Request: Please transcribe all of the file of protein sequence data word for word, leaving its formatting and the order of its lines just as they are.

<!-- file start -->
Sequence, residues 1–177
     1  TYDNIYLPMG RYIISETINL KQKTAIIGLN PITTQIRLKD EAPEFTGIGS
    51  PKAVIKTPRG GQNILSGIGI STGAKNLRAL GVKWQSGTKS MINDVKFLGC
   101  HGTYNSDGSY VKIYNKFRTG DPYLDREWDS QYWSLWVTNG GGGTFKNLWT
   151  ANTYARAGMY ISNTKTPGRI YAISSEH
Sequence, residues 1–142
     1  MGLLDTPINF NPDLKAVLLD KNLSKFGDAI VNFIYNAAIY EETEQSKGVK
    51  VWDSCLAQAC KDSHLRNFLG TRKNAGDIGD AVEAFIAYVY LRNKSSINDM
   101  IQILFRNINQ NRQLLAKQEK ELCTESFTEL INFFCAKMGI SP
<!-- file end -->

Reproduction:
Sequence, residues 1–177
     1  TYDNIYLPMG RYIISETINL KQKTAIIGLN PITTQIRLKD EAPEFTGIGS
    51  PKAVIKTPRG GQNILSGIGI STGAKNLRAL GVKWQSGTKS MINDVKFLGC
   101  HGTYNSDGSY VKIYNKFRTG DPYLDREWDS QYWSLWVTNG GGGTFKNLWT
   151  ANTYARAGMY ISNTKTPGRI YAISSEH
Sequence, residues 1–142
     1  MGLLDTPINF NPDLKAVLLD KNLSKFGDAI VNFIYNAAIY EETEQSKGVK
    51  VWDSCLAQAC KDSHLRNFLG TRKNAGDIGD AVEAFIAYVY LRNKSSINDM
   101  IQILFRNINQ NRQLLAKQEK ELCTESFTEL INFFCAKMGI SP